You’ve sent off the design for your company brochure to the printers.
The design meets the dimensions, and you’ve even accounted for print bleed (hey, look at you). Still, as you hold the printed brochure in your hands, you look at your company picture and feel like reaching for your glasses. “Have my eyes really gotten this bad that I’m squinting to see the details of our company picture?” Your eyes are likely fine. It’s the resolution of your company picture that’s likely off. Let’s take a look at why picture resolution is crucial for printed designs.
How Image Resolution Works
It should be no mystery by now that anytime you’re looking at a television screen, computer monitor, or printed image, you’re not actually looking at a complete picture. Instead, you’re looking at assorted clusters of colored or tinted dots. Because you don’t have superhuman vision, your eyes send these dots to your brain, which assembles them and interprets them as images. What would look like millions of color blinking dots to a superhuman alien species or computer shows up in our minds as an athlete catching a football on a Monday night. The reason why certain images that were taken at the same level of camera focus can appear fuzzier or sharper to us is due to the number of the dots, also known as pixels, that make up the image. Image resolution is the measurement of how many of these dots/pixels exist per inch to deliver the image. This measurement is known as Pixels Per Inch, or “ppi.”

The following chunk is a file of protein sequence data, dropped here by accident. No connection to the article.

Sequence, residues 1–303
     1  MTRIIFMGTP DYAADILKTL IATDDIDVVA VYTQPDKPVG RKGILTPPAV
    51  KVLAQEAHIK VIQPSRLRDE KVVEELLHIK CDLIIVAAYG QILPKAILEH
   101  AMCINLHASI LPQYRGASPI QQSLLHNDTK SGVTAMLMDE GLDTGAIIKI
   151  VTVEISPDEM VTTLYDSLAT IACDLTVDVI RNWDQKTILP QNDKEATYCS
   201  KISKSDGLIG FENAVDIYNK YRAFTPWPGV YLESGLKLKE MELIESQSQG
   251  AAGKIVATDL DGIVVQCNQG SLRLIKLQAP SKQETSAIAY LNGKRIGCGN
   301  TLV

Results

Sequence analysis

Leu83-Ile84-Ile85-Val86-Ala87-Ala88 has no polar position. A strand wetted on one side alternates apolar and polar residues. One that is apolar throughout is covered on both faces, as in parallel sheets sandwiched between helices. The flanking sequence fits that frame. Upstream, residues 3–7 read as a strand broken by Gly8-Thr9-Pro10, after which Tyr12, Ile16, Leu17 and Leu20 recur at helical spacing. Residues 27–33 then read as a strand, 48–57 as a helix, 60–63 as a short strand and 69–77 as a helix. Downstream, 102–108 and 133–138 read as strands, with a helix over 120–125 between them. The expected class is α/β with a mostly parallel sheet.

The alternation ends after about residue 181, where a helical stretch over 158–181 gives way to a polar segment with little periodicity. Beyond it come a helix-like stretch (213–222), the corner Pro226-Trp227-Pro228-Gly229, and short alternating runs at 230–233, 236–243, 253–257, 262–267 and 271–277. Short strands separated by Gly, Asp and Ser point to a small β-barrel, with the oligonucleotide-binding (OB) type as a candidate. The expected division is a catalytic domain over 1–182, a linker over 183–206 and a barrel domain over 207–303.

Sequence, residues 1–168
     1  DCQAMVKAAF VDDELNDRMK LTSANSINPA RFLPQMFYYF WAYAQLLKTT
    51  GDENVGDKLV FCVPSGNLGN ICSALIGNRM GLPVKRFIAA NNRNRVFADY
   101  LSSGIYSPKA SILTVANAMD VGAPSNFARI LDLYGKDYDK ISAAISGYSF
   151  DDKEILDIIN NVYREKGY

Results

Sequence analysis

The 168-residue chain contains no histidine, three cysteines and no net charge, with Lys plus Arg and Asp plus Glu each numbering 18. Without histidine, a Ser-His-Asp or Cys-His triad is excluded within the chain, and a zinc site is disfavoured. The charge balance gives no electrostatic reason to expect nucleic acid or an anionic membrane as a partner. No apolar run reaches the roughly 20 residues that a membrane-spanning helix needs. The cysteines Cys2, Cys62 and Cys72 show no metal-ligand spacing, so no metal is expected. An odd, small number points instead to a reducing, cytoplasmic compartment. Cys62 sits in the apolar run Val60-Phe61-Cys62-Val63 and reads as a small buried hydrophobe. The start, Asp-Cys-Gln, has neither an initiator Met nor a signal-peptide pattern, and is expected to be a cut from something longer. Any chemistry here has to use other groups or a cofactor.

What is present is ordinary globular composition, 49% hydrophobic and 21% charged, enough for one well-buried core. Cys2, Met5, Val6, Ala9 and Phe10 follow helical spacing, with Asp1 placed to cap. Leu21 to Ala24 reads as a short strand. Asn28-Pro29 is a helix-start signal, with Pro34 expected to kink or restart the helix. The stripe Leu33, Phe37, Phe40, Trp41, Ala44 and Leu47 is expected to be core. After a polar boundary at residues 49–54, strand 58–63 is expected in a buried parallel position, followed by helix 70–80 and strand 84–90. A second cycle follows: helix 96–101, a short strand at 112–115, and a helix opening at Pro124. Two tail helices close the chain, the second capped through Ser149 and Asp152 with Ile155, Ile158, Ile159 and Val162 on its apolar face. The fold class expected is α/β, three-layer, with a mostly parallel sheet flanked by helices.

When Low PPI Happens to Good People
When designing your brochure, you may run the risk of selected images with a low pixel resolution — basically anything below 300 ppi or so. These images may appear reasonably crisp in the design stage, but may look blurry when printed. The primary reason for this discrepancy is due to the closeness of which the picture is viewed in print. When viewed from across the room, our minds understand that the image will likely not be crisp. However, once we pick it up, our minds will expect it to appear sharper. When it doesn’t and the clarity become incongruent, that’s when low ppi happens to well-meaning people. It’s an honest mistake, but one that can be remedied by understanding which picture resolution level is best for what kind of item you’re printing.
When Low PPI is Acceptable
Though an image with a sub-300 ppi level isn’t best for a brochure or business card due to the proximity of viewing, there are occasions when a lower ppi level is ok. If you’re printing a large wall hanging, for example, most people are going to be viewing it from over an arm’s length away. Using images of around 100 ppi resolution are acceptable in this case because the entirety of the print is viewed, much like a mosaic. A large wall-hanging with a high ppi may also prove to be an immense file size, making 100 ppi image permissible for this application.